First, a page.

31 May 2022

Will Agatha redevelop and become Alex?

As former-Hurricane Agatha treks northward across Mexico's Isthmus of Tehuantepec and weakens, there is a growing probability of it redeveloping in the Yucatan area later this week.  If it achieves tropical storm status, the first name on this year's list is Alex.  Alex replaced Andrew in this list after the 1992 hurricane season. 

This is the same system I described in last Wednesday's post.  As of Tuesday morning, the National Hurricane Center is giving it a 60% probability of becoming at least a tropical depression once it's over water.

Infrared satellite image of Tropical Depression Agatha centered over the Isthmus of Tehuantepec.  The past track is shown by the colored line, and the latest region of potential development within the next 5 days as highlighted by NHC is indicated by the orange shading. 

These "crossover" storms (Pacific to Atlantic or vice versa) occur now and then; it's certainly not unprecedented.  Last year, Grace (Atlantic) crossed into the Pacific and became Marty.  Similarly for Nana -> Julio in 2020... and the last time a storm went from the Pacific and redeveloped in the Atlantic was Amanda -> Cristobal in 2020.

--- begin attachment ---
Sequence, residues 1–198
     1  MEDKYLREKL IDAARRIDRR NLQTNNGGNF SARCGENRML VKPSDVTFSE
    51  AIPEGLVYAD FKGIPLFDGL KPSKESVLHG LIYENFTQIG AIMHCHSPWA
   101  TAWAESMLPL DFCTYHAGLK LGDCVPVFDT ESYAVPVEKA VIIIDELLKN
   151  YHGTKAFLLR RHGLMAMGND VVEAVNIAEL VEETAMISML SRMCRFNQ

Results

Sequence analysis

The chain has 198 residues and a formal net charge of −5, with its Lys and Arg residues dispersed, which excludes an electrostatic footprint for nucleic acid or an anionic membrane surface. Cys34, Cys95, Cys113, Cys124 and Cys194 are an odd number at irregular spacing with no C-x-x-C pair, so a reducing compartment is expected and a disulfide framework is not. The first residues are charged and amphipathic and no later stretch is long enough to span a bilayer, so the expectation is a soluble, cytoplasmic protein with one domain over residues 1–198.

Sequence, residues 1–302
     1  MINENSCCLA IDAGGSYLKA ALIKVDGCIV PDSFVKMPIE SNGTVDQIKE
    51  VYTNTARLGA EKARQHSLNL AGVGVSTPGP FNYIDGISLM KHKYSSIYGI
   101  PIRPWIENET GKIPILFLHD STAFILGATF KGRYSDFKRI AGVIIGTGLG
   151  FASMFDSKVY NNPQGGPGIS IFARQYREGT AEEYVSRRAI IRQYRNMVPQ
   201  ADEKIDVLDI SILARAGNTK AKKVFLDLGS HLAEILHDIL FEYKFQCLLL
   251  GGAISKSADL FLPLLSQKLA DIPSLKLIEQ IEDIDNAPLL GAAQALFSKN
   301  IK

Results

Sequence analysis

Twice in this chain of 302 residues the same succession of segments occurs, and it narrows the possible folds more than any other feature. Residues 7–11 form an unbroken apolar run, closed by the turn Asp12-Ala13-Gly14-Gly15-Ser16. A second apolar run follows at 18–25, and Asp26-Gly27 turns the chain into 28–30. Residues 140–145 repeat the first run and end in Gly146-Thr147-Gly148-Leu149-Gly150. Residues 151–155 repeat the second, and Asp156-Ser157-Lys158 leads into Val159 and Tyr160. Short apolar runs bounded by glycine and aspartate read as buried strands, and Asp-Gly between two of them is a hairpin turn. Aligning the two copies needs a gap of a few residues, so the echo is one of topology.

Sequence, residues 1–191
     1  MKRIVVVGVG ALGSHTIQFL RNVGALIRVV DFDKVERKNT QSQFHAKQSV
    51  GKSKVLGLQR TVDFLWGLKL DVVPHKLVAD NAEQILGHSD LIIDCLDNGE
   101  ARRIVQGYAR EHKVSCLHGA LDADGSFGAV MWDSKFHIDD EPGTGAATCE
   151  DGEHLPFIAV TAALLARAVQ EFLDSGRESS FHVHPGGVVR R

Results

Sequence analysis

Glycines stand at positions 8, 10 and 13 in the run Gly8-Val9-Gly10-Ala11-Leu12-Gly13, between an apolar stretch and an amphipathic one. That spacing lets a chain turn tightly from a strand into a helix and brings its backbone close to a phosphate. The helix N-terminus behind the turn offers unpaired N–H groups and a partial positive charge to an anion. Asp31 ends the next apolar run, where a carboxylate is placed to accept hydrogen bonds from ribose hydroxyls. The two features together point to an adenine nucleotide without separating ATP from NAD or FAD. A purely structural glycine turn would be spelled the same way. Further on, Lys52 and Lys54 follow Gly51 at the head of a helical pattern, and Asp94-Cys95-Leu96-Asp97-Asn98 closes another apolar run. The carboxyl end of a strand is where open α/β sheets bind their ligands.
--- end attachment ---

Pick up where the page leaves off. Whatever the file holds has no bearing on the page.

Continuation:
Even if this system ends up not taking the first name, 2022 can already claim the latest first named storm formation since 2014!

As far as model guidance goes, the European model has consistently been more aggressive than the American model in re-developing it and bringing higher rainfall totals to Florida.  This doesn't necessarily mean it will be right, but it has been the most consistent for several days now.  Other models keep it more diffuse and complicated, actually extending the period over which heavy rain is possible.  The map below shows the probability of a tropical cyclone strike (at least a tropical depression) in the coming five days from the European model ensemble.

Regardless of development, a swath of heavy rain is likely across west Cuba and then south Florida in the coming days.  The low pressure or tropical cyclone could reach south Florida as early as Friday, or as late as Sunday, with the highest likelihood on Saturday.  Models are indicating the potential for extremely heavy rainfall in south Florida, perhaps in the 6-12 inch range. The graphic below is the latest 7-day rainfall forecast from the NOAA Weather Prediction Center (Tuesday morning through Tuesday morning).  That little light-yellow blotch over the south tip of the peninsula is the 10-15-inch category.

The Atlantic hurricane season officially begins tomorrow.

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